Those Dassanech who have lost their herds and turned to fishing also risk their lives hunting for crocodile at night in the shallow waters of the Omo River delta. Even a small crocodile can provide a good meal for a family. In fact, the fishermen are in some ways luckier than their herding cousins, whose livestock is often at risk from the enduring drought now affecting the Lake Turkana region. They can still obtain good sources of protein from fish during even the harshest droughts. The men hunt at night from small dugout canoes. They hunt in silence, making occasional hand gestures to instruct the oarsman to change direction. Using a torch – their only concession to modernity – to pick out the crocodiles’ eyes in the darkness, they slowly manoeuvre their canoes close to the crocodile before letting fly with a harpoon attached to a rope. Once the barb penetrates the tough skin, the crocodile has little chance. It is hauled alongside and repeatedly speared until it is safe to haul it inside the canoe. As Bruce found out, sometimes the crocodiles can be very large indeed and it requires great bravery and skill to ensure no one is hurt. The tribes here have always traded between each other, for beads, food, cattle, cloths and so on. More recently, the trade has been in guns and bullets. Inevitably, as roads are made through the area, other goods like beer and food find their way into the villages.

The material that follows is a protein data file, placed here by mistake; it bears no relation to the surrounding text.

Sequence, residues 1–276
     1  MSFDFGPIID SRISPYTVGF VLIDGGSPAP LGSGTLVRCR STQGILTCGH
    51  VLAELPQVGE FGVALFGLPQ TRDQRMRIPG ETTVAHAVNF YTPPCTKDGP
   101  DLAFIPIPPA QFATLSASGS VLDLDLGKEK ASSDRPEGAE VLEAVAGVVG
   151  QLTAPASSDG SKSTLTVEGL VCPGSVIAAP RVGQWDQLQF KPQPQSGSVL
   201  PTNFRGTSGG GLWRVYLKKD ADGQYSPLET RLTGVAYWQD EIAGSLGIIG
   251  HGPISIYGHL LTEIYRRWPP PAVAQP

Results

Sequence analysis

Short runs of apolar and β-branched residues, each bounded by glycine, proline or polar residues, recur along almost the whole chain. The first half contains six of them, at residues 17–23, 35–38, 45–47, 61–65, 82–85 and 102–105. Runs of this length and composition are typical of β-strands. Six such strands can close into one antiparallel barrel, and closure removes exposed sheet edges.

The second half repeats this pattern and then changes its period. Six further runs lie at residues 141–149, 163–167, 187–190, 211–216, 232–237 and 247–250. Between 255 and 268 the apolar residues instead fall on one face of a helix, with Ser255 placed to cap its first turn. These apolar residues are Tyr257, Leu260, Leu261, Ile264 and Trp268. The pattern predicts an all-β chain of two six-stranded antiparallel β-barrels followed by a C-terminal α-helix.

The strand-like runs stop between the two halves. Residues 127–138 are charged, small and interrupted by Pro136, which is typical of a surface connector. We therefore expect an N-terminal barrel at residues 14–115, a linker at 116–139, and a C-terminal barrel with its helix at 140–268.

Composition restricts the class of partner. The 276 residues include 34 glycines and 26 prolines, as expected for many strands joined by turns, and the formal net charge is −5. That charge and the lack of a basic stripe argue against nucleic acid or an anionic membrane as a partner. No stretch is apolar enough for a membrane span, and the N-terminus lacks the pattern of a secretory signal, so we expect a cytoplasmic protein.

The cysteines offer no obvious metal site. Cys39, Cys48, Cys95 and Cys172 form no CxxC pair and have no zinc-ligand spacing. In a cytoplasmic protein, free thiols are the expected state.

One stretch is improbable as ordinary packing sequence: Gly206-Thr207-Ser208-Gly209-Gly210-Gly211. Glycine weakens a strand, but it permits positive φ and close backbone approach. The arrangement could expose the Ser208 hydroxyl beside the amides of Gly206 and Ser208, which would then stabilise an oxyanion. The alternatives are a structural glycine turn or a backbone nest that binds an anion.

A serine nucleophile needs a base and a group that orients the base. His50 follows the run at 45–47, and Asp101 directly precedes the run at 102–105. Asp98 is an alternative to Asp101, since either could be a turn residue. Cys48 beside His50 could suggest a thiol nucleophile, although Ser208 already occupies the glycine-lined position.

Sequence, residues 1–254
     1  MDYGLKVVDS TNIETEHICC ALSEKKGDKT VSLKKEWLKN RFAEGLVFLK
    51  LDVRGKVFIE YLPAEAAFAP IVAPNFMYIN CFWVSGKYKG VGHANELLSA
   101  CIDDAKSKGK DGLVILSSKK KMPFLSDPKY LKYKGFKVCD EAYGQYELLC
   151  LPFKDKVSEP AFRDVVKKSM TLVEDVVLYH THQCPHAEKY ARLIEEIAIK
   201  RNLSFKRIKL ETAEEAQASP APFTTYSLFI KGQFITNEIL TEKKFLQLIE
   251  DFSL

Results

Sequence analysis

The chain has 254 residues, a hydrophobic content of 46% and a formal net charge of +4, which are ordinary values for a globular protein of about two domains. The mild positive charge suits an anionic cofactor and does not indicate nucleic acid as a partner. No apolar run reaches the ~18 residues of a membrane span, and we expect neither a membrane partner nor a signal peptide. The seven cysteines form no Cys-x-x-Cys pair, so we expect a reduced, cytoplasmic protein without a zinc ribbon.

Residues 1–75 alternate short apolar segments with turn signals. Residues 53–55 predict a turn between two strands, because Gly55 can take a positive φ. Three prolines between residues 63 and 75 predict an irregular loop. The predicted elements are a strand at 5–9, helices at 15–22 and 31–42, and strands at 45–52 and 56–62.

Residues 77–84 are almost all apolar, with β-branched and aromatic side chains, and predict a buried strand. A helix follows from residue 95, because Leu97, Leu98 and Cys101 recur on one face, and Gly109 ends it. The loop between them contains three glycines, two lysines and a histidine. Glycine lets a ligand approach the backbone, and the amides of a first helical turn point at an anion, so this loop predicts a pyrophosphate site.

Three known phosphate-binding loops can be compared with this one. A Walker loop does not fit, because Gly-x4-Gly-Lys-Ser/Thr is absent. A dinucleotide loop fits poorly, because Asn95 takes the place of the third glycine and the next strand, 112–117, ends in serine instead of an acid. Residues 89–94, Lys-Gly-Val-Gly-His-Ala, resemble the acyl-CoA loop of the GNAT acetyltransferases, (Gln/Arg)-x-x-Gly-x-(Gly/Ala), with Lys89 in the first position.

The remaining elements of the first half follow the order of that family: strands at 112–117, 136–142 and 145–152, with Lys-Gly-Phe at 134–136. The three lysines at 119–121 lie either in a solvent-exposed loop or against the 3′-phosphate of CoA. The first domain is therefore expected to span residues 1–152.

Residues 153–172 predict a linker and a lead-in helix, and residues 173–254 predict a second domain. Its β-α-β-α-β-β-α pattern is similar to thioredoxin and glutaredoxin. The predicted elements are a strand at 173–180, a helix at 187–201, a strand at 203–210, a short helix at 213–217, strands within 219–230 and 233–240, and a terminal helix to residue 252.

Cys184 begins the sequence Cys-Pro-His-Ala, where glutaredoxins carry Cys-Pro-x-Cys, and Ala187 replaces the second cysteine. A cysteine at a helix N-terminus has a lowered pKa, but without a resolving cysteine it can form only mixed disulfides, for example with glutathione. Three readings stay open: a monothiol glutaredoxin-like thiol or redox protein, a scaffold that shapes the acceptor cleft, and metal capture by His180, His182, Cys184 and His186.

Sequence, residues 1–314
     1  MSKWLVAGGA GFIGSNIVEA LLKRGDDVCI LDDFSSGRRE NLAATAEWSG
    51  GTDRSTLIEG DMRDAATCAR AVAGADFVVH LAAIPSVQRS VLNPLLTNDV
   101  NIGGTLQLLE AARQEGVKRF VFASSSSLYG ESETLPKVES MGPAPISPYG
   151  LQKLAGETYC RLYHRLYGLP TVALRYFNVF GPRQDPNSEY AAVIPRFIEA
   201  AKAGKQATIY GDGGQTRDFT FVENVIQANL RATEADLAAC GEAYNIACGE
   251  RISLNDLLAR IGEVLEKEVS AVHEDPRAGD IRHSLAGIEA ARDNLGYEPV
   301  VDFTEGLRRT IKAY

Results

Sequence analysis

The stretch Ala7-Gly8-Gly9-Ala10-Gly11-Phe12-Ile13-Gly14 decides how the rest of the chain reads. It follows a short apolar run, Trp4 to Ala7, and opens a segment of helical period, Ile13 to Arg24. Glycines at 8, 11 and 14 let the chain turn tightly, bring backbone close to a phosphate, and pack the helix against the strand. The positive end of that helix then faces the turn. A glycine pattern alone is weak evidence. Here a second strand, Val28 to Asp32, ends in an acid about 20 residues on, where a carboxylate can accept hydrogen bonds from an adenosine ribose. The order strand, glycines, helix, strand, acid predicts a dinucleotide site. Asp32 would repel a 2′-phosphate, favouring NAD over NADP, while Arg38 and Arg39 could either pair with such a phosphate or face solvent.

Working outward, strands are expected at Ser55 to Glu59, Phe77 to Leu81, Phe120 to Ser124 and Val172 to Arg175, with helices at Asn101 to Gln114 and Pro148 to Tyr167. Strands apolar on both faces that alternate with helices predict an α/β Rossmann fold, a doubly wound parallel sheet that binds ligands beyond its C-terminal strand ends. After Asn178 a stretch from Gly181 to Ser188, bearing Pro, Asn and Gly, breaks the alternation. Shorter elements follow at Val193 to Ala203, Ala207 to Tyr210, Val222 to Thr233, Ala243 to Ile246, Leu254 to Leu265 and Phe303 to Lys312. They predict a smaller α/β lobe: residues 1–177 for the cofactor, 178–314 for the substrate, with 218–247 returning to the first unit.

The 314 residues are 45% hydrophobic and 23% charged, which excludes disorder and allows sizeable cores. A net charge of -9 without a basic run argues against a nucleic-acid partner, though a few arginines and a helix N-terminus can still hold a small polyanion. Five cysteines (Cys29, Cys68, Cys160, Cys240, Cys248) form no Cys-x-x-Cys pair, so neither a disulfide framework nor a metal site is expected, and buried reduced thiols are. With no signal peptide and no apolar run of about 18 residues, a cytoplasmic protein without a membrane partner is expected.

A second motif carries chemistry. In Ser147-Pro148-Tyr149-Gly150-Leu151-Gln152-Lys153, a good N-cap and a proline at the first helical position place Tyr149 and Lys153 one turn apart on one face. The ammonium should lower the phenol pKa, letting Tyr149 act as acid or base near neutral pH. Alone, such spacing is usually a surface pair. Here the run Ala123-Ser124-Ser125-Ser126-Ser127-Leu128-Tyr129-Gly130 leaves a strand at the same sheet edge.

Dassanech Culture

The Dassanech tribe is not strictly defined by ethnicity. Anyone – man or woman - will be admitted, as long as they agree to be circumcised. Over the centuries, the tribe has absorbed a wide range of different peoples. It’s now divided into eight main clans, which to some extent reflect the wide-ranging origin of its members. Each clan has its own identity and customs, its own responsibilities towards the rest of the tribe, and is linked to a particular territory.

The largest clan is the Galbur, or Water and Crocodile clan. The Dassanech believe its members have the power over both water and crocodiles and are responsible for dealing with diseases of the glands across the tribe. The Turat clan is responsible for dealing with burns from the fire. They have powers to keep away snakes and to cure many diseases, and also have the ability to keep away enemies from their animals. Another important clan is Turnyerim, which has powers over drought. They pray for rains during dry periods and they can also cure snakebites by spitting on the wound. Other clans claim to have healing powers over eye infections, scorpion bites, muscular problems, and so on. Members of the same clan are forbidden from marrying – or indeed dancing - with each other.